Cross-agency response

Addressing financial literacy challenges is not something that one actor in the system can deliver. It requires a multi-agency and collaborative approach across public and private sector stakeholders, with all participants playing their part.

At the Central Bank we know we have an important role in supporting financial literacy together with other key stakeholders. Positive, effective solutions require a system wide response and so we are hugely supportive of the development of the national Financial Literacy Strategy. For our part, we will continue to provide information to support consumers. This includes warnings to consumers about potential risks from certain products such as our recent consumer information campaigns dealing with crypto, Buy Now Pay Later firms and frauds and scams, equipping consumers with basic information to help guide them in navigating financial services. One of the measures we have implemented to assist consumers is the operation of our online Consumer Hub, where we have published plain language explainers and videos to inform and educate consumers.

However, I think we would all agree that the earlier financial education starts the better. The OECD recommends that financial education is taught in schools. As our Governor has previously noted, building financial education into the school curriculum would allow children to acquire valuable knowledge and skills that will help them throughout their lives - particularly as some parents may not be well-equipped to pass on these skills.4 Early financial education also helps build financial resilience by enabling people to devise short and long-term strategies to cope with financial shocks, alongside the public policy actions to lessen the effects of the shock on households and firms.  In the Central Bank, we have engaged directly with schools in various ways over a number of years in order to build knowledge of financial and economic concepts. Currently, we are piloting a programme that encourages Central Bank staff to visit their local schools, and are also exploring enhancements to our public exhibitions and visitor centre that would be beneficial to schools.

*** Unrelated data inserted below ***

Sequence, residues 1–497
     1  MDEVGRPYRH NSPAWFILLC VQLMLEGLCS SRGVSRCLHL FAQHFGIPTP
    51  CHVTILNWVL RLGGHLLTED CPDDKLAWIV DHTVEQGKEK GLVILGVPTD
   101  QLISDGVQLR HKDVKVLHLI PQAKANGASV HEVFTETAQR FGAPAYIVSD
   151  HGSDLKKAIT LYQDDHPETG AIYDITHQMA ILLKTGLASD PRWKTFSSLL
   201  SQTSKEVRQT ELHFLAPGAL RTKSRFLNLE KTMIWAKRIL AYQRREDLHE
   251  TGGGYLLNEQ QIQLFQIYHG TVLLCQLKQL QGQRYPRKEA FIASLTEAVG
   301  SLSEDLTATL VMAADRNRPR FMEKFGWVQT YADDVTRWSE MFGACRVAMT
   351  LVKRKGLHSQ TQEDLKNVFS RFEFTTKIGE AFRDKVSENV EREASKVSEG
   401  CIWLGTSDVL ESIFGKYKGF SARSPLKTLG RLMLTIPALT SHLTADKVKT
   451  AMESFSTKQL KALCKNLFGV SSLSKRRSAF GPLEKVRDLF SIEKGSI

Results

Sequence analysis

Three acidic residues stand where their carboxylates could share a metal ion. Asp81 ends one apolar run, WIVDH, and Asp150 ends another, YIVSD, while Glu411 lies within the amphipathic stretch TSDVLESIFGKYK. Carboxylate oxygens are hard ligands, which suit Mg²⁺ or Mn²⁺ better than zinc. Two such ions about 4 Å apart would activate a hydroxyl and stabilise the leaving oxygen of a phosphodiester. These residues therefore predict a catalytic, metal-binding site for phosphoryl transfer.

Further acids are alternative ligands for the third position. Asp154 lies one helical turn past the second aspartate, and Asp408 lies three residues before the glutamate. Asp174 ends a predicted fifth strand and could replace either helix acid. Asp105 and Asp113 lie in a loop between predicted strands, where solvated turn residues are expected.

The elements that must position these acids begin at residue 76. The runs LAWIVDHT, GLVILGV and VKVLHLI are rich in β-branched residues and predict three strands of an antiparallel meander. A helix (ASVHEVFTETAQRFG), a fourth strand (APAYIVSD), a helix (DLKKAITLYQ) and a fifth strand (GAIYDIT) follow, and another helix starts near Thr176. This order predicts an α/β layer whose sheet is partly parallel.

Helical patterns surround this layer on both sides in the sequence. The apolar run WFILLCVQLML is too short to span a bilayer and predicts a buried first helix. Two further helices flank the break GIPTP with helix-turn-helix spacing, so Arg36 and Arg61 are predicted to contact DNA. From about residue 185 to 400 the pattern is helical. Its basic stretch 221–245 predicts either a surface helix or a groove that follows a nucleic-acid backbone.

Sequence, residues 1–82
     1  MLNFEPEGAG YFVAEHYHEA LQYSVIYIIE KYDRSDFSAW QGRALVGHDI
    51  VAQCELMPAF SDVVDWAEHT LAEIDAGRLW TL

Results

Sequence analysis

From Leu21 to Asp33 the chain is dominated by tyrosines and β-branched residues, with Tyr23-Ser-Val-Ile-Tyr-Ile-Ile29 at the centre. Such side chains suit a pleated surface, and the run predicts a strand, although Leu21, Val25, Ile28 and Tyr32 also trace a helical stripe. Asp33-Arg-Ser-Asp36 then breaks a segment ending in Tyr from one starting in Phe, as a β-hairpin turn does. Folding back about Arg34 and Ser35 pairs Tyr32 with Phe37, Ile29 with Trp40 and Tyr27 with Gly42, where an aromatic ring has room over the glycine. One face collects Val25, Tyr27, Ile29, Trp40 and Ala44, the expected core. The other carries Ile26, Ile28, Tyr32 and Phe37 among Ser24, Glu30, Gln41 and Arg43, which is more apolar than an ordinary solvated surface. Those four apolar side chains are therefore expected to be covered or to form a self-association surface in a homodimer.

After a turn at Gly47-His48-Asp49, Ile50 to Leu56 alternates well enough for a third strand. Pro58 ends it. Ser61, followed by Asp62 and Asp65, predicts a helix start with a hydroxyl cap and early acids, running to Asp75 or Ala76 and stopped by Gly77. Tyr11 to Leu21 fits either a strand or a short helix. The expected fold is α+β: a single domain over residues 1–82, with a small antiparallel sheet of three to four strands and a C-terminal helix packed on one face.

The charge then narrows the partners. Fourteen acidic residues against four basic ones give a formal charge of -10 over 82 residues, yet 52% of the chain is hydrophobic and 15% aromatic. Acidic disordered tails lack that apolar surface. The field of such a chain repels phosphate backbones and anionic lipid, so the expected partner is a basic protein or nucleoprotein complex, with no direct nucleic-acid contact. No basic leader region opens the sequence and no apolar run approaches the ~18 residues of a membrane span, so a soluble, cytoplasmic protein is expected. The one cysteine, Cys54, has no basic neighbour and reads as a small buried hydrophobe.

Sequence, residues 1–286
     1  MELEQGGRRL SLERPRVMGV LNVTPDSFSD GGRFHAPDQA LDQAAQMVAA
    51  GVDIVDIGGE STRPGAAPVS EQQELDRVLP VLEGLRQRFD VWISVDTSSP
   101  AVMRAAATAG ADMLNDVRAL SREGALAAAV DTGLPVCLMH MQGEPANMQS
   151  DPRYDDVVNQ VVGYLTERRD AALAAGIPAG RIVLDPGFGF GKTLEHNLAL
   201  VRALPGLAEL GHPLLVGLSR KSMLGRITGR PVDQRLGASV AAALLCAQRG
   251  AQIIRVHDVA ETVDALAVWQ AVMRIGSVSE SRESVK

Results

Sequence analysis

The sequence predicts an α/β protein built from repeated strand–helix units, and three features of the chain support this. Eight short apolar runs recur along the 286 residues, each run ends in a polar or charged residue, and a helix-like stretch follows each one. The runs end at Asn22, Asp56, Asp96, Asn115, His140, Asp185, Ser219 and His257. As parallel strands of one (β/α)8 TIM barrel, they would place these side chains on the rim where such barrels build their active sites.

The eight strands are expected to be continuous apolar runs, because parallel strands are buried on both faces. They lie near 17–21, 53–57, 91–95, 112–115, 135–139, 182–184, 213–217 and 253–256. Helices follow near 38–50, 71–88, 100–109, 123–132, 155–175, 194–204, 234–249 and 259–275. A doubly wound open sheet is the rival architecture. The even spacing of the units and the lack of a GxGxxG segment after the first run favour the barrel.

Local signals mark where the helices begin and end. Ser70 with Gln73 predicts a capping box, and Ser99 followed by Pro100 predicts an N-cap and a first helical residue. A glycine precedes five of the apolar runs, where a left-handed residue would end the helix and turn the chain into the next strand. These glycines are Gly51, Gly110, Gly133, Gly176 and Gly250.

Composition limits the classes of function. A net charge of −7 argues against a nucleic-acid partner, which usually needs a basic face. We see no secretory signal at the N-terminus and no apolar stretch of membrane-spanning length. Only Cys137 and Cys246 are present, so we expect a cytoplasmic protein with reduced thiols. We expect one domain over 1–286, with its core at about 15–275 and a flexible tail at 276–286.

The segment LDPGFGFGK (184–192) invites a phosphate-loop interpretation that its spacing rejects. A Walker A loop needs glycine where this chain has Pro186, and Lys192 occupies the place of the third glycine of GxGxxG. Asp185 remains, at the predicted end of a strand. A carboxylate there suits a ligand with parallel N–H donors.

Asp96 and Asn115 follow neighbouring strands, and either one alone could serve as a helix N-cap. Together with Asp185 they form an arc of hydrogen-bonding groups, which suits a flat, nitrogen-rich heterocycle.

Pensions Research

If financial education must start young, it is also, of course, a life-long focus - necessary to empower consumers to manage, save and invest their money in a way that meets their needs. Pensions are an example of where financial literacy and education play a vital role. In order for consumers to effectively plan and make the best decisions they can to support their living standard and secure their interests after retirement, they need to have knowledge and access to information concerning their own pension arrangements.

Research published by the Central Bank today highlights some significant challenges that consumers encounter with pensions. Our research shows that pensions are a remote and distant income goal for many consumers. Competing financial commitments, cost-of-living pressures and a lack of understanding on how best to plan for the future will affect many consumers’ ability to prioritise pension saving and retirement income.